Ulster officials remain optimistic that Chris Henry will make a full recovery after undergoing heart surgery on Monday although, understandably, the flanker's return to full health remained his and their priority for the foreseeable future.
The recently appointed Ulster manager Bryn Cunningham confirmed yesterday that Henry had undergone an operation, with an IRFU statement subsequently adding: "Chris is recovering from a procedure to repair a defect in his heart wall. This was found to be related to his recent episode and has been performed to prevent further issues."
The 30-year-old Henry had been in line to win his 17th cap against South Africa in the first of the Guinness Series at the Aviva Stadium before falling ill on the morning of the match. Following further tests, the IRFU revealed that Henry had suffered a "temporary blockage of a small blood vessel in his brain".
“We’re waiting for the medical staff to give us an update,” said Cunningham. Henry’s immediate priority would be “getting back to full health”, according to Cunningham, who added: “If he gets back to playing professional rugby that will be fantastic. That’s certainly what we are hoping for.”
In a similar vein, Ulster's chief executive Shane Logan said that the Province was now "more optimistic than we were a week or two ago" about the likelihood of Henry making a return to professional rugby.
has maintained that the persistent hip/groin problems which forced Luke Fitzgerald’s latest withdrawal is not career threatening, and that the player himself was remaining strong despite being limited to just two games since last March.
“He is a resilient guy. He’s come back from a pretty major neck injury which you would think would be of more concern. He has come back from that and had no problems. It is just about managing it and doing the best for him. It wasn’t worth taking a risk. On another given day with a different individual, we might have taken a different course of action. But, we’ve been conservative with Lukey.”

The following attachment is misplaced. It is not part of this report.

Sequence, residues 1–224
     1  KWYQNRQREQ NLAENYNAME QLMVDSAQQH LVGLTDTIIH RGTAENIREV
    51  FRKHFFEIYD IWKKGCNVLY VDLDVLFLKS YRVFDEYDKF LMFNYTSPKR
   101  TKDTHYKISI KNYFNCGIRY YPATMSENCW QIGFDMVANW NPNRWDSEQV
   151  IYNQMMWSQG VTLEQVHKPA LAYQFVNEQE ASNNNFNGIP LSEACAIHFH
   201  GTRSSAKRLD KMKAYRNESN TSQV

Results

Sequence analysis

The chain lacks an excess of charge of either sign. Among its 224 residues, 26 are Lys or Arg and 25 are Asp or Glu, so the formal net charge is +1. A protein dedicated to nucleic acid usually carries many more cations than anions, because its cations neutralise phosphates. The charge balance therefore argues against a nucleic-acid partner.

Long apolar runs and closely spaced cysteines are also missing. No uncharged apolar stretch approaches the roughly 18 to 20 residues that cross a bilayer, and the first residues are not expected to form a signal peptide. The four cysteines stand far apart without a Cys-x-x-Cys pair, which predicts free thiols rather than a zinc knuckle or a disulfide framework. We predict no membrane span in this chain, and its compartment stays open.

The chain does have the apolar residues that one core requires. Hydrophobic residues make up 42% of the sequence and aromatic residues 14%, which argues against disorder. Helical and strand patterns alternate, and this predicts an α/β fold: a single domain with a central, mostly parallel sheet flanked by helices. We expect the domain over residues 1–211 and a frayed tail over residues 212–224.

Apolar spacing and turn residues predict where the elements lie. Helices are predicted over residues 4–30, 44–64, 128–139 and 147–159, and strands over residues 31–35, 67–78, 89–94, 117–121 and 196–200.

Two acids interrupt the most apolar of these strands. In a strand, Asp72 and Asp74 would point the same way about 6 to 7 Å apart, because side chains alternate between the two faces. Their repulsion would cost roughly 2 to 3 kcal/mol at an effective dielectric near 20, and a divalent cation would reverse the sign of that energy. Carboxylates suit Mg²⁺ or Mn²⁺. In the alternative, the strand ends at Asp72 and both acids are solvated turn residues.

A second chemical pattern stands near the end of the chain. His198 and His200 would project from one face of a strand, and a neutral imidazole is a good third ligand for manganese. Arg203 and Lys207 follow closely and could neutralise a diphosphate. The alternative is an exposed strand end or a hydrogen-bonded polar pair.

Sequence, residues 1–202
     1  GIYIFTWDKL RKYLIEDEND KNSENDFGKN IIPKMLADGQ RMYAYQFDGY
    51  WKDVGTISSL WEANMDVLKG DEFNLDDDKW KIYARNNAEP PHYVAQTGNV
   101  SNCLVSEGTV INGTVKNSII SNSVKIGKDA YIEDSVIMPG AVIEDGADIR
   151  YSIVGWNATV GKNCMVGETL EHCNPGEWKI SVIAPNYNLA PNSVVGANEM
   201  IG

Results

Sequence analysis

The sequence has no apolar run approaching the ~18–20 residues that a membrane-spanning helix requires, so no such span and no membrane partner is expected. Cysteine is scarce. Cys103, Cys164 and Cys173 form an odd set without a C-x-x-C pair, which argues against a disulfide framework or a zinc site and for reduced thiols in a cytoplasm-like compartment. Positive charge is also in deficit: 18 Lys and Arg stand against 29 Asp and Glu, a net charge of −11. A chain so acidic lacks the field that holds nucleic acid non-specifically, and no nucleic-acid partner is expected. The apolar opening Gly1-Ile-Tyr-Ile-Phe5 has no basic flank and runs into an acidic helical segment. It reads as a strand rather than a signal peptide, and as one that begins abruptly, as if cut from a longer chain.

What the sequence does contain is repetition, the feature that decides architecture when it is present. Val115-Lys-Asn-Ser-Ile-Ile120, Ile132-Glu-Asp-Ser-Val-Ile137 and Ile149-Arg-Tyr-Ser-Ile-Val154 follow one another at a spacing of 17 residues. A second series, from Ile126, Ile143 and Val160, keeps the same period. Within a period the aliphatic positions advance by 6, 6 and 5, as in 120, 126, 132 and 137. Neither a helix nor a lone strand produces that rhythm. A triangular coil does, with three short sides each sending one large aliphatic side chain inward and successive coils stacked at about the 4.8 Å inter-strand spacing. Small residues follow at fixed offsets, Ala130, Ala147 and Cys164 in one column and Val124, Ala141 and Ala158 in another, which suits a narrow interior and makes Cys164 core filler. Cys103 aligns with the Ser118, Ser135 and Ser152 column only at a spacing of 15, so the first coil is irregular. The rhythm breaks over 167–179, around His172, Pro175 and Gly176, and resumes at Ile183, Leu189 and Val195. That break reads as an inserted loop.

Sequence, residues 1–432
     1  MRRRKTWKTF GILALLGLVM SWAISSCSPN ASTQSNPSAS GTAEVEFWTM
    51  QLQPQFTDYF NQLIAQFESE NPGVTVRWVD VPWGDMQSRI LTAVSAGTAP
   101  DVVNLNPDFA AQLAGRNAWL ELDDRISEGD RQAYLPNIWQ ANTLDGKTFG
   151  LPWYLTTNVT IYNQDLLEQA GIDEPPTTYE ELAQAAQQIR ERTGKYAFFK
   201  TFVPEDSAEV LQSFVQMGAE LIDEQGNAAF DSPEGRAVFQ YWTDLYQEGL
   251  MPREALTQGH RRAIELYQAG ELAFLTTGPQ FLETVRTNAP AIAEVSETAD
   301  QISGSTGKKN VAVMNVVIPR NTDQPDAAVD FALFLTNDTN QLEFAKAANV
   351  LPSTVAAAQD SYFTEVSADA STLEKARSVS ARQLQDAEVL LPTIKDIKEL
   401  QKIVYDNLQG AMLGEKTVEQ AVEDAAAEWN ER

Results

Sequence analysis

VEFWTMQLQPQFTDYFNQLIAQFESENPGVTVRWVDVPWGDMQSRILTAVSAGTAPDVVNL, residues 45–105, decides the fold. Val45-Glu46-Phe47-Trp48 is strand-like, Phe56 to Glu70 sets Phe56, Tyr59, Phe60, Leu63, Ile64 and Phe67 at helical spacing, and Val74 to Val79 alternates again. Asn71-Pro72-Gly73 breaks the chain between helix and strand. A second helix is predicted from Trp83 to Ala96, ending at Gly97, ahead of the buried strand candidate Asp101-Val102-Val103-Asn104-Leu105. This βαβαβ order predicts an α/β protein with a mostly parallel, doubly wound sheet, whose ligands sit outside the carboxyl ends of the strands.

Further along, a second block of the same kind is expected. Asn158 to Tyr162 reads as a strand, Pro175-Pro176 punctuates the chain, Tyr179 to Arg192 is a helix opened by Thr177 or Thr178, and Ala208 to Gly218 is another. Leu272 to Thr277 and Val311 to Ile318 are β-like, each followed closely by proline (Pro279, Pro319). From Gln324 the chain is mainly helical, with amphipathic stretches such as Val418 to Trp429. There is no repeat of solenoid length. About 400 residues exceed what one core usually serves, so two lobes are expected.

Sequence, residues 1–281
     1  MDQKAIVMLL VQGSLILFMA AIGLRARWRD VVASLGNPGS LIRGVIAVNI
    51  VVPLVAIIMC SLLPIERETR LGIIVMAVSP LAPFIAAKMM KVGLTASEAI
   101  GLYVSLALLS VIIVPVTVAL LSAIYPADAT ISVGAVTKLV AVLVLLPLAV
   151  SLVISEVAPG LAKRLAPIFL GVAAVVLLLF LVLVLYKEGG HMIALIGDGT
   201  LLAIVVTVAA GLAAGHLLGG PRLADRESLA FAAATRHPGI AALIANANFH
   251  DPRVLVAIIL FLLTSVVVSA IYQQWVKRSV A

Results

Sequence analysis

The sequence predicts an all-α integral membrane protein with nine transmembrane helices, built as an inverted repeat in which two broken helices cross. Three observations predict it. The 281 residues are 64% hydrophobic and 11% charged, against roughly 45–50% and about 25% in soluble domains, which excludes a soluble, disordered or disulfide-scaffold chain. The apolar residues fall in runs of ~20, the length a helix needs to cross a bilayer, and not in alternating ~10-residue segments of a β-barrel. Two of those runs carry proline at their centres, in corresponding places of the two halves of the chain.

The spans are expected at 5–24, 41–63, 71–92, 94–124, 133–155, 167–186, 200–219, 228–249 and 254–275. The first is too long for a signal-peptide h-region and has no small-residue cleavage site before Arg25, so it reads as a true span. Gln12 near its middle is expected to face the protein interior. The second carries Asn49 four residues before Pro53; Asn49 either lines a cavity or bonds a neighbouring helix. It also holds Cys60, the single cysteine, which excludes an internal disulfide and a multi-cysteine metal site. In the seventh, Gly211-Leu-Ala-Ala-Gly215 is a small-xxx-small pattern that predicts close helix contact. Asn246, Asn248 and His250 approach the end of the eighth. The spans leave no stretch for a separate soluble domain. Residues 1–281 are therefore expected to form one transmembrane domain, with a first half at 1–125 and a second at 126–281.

“If you play rugby, it is an occupational hazard,” admitted Cullen regarding the prevailing threat of retirement. “It is probably something you always have at the back of your mind because it’s a tough industry. That is the reality of the game. Eoin O’Malley is not in the game anymore because he’s retired. He got one knock. Everyone would have said he’s the most likely guy to be Brian’s replacement if you wind the clock back five or six years ago and he was retired before Brian.”
But Cullen was sure that Fitzgerald’s niggling problem did not provide the same threat. “No, it is a totally different situation. I don’t think so, no. Listen, he’s had an issue with his groin which has been ongoing and it’s just one of those niggly things to manage, especially for someone who is able to step at the pace that he is. Rossy (Mike Ross) had a similar issue. You saw him. He’s played the last three weeks. Lukey is slower because it is mainly to do with position specific and the type of athlete that he is,” said Cullen.
Shane Jennings (hamstring) and Fergus McFadden (ankle) are inching closer to a return but remain sidelined, as do Cian Healy, Seán O'Brien, Marty Moore and Ben Te'o until "after Christmas and beyond". There is "no general rule" regarding those Irish front-liners who started against Australia and South Africa returning this Saturday at home to Guinness Pro12 leaders the Ospreys, although the likelihood is that Seán Cronin, Eoin Reddan and Ian Madigan will come back into the mix, with the latter likely to start at out-half.
Having drawn with the bottom-placed team last Sunday, Cullen said: “Ospreys are a totally different proposition. Top of the league, and every time we play the Ospreys, even though they might be missing a couple of bodies from Wales, it’s going to be the same with us realistically. We’re going to be missing bodies as well.